“Some people got a great improvement controlling their blood sugar, and some people got none, even though they did all the exercise,” he says.
Knowing who’s most likely to benefit from specific exercises may help health care providers better tailor their recommendations for people, says Kraus.
But these studies are still in the early stages. If you have a health condition, talk with your provider about the types and amounts of physical activity that are safe for you.
Learning From Athletes
“There really is almost no health intervention as potent and as broad in its benefit as physical activity,” says Dr. Euan Ashley, who studies exercise and the heart at Stanford University.
Ashley, Bamman, and Kraus are involved in a large NIH-funded program looking at how exercise affects different molecules in the body. They’re also exploring how this differs between people. The team is studying both people who have previously not exercised regularly and active athletes.
Studying the abilities of elite athletes has the potential to help us understand the upper limits of the human body, Ashley explains.
“For an athlete to perform at the absolutely highest level, everything has to work perfectly,” he says. This includes the muscles, heart, blood cells, and more. Studies of athletes, such as runners and skiers, have found genetic differences that have positive effects on their bodies’ performance, Ashley says.
“By studying athletes, we can learn more about the extremes of each of these body systems. And by understanding the extremes, we can understand fundamental aspects of those systems. That could help us treat people with diseases in those systems,” explains Ashley.
The Role of Microbes
It’s not only your biology that can influence how exercise affects your body. Scientists are discovering more and more about the role of your microbiome. That’s the collection of microbes that live in and on your body.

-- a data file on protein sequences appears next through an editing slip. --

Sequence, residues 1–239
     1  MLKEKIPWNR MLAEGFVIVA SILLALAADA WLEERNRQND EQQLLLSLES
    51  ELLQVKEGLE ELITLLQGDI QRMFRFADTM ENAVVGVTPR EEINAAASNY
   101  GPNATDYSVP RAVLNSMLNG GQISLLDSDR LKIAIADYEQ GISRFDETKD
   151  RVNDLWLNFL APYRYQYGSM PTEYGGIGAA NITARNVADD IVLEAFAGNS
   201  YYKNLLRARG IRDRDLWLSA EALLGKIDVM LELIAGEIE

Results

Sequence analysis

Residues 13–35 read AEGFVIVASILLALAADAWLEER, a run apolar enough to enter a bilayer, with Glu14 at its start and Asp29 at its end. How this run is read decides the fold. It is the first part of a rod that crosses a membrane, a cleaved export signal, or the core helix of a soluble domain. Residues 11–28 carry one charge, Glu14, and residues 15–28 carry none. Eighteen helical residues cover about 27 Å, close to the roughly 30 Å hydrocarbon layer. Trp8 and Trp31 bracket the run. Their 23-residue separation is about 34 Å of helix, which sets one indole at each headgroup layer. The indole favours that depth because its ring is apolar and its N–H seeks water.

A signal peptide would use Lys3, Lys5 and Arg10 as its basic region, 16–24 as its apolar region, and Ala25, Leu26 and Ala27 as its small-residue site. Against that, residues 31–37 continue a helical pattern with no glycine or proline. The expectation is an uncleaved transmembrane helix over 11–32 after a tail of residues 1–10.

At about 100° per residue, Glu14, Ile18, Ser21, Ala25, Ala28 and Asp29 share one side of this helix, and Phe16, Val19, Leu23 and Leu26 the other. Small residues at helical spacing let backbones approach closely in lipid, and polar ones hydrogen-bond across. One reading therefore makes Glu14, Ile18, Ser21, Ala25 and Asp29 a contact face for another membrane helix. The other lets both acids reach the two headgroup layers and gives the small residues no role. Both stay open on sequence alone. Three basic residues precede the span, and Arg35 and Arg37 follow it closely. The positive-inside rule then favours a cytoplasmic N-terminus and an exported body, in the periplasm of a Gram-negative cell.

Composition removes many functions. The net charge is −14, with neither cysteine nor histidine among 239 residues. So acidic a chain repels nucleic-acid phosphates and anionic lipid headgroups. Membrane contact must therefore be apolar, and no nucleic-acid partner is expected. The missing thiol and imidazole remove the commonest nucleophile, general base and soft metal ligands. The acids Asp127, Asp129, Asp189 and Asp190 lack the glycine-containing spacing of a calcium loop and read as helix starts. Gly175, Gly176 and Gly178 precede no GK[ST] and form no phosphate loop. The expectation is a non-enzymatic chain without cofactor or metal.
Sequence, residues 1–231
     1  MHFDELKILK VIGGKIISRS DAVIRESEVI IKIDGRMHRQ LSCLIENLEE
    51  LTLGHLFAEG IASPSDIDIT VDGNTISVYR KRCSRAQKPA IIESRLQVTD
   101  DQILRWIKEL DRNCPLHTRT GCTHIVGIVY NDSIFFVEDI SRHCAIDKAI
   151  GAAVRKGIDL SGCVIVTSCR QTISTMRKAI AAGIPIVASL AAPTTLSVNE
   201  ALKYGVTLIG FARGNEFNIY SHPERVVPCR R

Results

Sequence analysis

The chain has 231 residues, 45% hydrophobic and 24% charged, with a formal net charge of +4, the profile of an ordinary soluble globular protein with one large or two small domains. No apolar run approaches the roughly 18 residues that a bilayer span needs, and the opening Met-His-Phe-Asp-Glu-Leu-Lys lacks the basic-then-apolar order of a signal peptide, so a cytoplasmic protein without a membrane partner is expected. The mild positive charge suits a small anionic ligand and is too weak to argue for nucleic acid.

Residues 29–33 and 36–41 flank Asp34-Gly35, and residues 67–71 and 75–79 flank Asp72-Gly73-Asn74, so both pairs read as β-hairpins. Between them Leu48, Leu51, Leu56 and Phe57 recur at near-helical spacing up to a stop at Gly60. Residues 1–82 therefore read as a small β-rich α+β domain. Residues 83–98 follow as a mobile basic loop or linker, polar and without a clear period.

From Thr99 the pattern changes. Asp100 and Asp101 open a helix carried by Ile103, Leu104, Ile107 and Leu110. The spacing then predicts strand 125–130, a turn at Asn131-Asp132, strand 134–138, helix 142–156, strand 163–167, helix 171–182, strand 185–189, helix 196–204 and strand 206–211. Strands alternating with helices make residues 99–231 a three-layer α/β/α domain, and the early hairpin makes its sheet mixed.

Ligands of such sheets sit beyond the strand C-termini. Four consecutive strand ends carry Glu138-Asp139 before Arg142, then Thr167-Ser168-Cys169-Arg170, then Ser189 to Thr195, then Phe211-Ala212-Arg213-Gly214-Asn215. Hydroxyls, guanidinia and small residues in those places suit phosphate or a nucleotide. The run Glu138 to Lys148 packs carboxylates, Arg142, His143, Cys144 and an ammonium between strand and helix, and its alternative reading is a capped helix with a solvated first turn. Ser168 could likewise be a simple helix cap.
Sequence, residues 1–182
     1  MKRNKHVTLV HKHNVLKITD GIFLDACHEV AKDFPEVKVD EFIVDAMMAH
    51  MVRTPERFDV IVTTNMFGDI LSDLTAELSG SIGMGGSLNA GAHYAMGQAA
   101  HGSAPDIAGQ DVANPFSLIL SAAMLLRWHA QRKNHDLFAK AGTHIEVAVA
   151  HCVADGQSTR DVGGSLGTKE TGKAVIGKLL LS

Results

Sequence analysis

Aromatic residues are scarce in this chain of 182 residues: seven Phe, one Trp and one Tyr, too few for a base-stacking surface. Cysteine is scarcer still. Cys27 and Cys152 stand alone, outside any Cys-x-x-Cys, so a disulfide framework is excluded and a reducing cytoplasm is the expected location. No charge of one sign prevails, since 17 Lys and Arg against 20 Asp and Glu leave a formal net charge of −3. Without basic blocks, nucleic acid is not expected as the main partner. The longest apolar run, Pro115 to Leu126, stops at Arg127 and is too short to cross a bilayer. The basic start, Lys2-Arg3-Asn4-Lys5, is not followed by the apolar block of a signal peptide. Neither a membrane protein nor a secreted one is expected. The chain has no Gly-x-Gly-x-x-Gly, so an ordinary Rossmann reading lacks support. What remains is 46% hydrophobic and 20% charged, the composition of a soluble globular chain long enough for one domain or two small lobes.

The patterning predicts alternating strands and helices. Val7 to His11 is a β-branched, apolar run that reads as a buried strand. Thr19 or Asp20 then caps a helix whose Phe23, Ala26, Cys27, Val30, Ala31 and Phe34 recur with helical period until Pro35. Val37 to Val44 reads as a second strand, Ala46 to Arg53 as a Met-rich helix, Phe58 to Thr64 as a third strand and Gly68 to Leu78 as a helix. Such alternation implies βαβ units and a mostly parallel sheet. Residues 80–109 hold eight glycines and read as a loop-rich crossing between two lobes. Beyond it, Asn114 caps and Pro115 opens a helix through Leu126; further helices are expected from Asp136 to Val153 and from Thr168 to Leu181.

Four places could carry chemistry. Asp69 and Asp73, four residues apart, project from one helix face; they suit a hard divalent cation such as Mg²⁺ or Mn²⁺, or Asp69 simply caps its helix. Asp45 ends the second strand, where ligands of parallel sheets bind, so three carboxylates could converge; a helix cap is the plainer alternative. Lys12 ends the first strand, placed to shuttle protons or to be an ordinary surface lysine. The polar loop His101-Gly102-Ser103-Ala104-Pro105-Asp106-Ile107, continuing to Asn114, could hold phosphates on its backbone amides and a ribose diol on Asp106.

In a recent study, researchers found changes in a certain type of gut bacteria in marathon runners. They transferred those bacteria into mice. The mice given the bacteria were able to run longer.
Scientists are only beginning to study the microbiome’s role in fitness. Such studies are difficult, because things like diet, sleep, and even the people you live with can affect your microbiome, Kraus says.
Researchers continue to learn more about biology and physical activity. But no matter who you are, how much activity you get can make a difference for your health. Experts recommend getting at least 150 minutes of moderate to vigorous physical activity a week. And at least two days a week, do strength training exercises.
“There are huge benefits from exercise for both mental and physical health,” says Ashley.
Personalize Your Workout
- Know your goals. Try to set specific short- and long-term goals. Then talk with your health care provider about the types and amount of exercise you can safely do.
- Do what you enjoy. Don’t struggle with a workout you hate. Build in activities that make both your body and brain feel good.
- Find a partner. Ask a family member or friend to be active with you. Activity may be more fun with someone.
- Track your progress. You might not feel as though you’re making progress, but you may be pleasantly surprised if you look back at where you started.
- Review your goals. Did you meet your goals? If not, why? Are they doable? Brainstorm some options of what to do differently.
Source: NIH News in Health